The Power of Connections
Step aside, Kevin Bacon. Six degrees of Neighborhood Development Center (NDC) was the unofficial theme of TCB’s annual Community Impact Awards in May. It became a running joke in on-stage conversations with the 2023 honorees; almost all of them mentioned a connection with NDC, the St. Paul organization that provides training, lending and technical assistance to entrepreneurs from underinvested neighborhoods. NDC was a 2022 Community Impact award winner.
Allianz Life, awarded for corporate leadership, partnered with NDC on a program for Black and Latina women entrepreneurs. Thanks to a $450,000 investment by Allianz, the program is providing resources to its first cohort of business founders. And at our event, Allianz director of community engagement Kenna Poppler talked about how corporate giving benefits not only the recipients, but the company and its employees themselves. “What we see is when we have a thriving community, a place where employees want to live and work, they’re excited to get involved.”
Minneapolis architecture firm Studio BV was recognized for its pro bono design work, a growing portfolio of 40 projects that includes the new St. Paul headquarters of NDC. Studio BV’s commercial designs have garnered many awards, but, from the wattage of CEO Betsy Vohs’ smile, you might have thought a Community Impact Award was her first recognition. “This is the work we love to do,” she told me. “Design can change things for organizations that do amazing work.”
Leaders of other organizations in attendance went home with Vohs’ card, I’m pleased to report. And I really hope the Studio BV formula—creating a pro bono division and treating its clients as they would commercial clients—encourages other firms to do the same. In that vein, I know this year’s Minnesota Business Hall of Fame inductees will prompt many of us to reflect on how we can use our station to do more for the greater community.
It’s a theme that runs through our 25th anniversary class of Hall of Fame honorees: a track record of leadership driving success beyond their own companies.
- Target executive Laysha Ward, pictured on the cover, embodies that ethos as a national leader in diversity, equity, and inclusion work. When you’ve finished reading TCB, take a look at her 2020 article for the Harvard Business Review, “What an Anti-Racist Business Strategy Looks Like.”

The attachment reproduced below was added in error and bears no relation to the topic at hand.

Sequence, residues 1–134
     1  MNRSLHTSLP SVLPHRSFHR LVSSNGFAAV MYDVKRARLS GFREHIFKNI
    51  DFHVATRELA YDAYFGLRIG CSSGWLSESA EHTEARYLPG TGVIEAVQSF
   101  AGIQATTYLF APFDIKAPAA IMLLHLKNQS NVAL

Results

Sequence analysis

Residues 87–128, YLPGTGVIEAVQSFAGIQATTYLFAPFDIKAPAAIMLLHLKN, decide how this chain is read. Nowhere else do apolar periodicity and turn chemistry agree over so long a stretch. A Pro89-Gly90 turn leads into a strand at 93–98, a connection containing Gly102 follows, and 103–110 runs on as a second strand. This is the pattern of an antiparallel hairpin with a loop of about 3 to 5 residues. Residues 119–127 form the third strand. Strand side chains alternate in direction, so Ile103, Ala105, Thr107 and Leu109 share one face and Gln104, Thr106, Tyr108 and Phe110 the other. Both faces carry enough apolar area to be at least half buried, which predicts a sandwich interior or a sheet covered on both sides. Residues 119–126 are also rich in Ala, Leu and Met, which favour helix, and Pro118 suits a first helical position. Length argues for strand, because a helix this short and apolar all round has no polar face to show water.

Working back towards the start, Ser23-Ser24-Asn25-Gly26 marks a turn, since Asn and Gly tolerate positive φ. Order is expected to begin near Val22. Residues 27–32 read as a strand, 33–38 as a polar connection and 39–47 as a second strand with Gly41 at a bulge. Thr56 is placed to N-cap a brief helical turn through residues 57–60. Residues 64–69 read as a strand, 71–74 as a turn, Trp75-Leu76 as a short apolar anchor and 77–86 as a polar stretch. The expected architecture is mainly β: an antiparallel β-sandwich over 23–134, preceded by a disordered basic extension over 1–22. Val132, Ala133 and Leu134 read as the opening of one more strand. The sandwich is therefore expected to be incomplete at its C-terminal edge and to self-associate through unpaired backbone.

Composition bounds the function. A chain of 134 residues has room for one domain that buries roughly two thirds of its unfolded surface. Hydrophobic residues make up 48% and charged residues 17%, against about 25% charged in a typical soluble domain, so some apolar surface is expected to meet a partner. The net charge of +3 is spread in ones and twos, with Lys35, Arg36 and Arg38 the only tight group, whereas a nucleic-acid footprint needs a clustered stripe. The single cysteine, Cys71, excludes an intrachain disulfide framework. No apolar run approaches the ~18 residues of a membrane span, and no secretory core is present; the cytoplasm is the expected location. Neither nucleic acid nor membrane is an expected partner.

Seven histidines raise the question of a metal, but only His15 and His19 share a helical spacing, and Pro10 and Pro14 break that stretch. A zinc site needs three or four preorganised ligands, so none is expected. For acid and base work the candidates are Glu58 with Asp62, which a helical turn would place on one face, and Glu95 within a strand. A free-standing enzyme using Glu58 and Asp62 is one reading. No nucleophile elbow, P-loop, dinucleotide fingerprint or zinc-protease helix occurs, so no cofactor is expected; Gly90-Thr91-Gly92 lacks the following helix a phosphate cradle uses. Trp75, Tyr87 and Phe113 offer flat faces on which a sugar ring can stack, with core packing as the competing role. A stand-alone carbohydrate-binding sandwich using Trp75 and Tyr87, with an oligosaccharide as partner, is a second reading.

- Throughout his career with the Minnesota Business Partnership, Charlie Weaver raised the bar on teamwork, bringing CEOs and politicians together to boost the economy and solve social problems.
- If you’ve ever attended a business networking event around town, you’ve likely met Kari Rihm, president and CEO of Rihm Family Cos. trucking business, who is always looking to support and advocate for other women in business.
- George Goldfarb may be retired from Maurices, but he’s as passionate as ever about the vibrancy of his hometown of Duluth and continues to serve on boards, volunteer, and promote the northern city’s assets.
- SPS Commerce’s outgoing CEO Archie Black has often been quoted in the magazine in recent years about his work to create a more equitable and diverse leadership team, which in turn, has made the tech company a more desirable place to work.
And, by the way, SPS is also a place where you’ll find more employees returning to the office in downtown Minneapolis. In March, SPS implemented a requirement for most employees of two or three days per week in-office, which senior vice president and chief customer success officer Karin Lucas says has been well received. “It’s good for people, good for business, and good for the community.”
In May, the Minneapolis Downtown Council announced a robust summer lineup of events including “Downtown Thursdays,” when parking will be free at the Plaza Ramp on Twelfth Street and buses will be routed off Nicollet Mall to make way for markets, mini golf, and concerts. Don’t have a downtown office? Take advantage of complimentary
Thursday lounge access at Life Time Work in Minneapolis.
As we were wrapping up our interview and photo shoot with Laysha Ward at Target’s downtown headquarters, we talked about how a thriving downtown is good for business, and for the community as a whole. “A vital downtown is a role all of us are called upon to be part of,” she says. “But I also want to make sure we don’t lose sight that there are other parts of this community that also demand and deserve that same attention.”
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For inspiration, start by scheduling your next meeting at social enterprise coffee house Flava Coffee & Café, located on University Avenue, in the lobby of—you guessed it—NDC.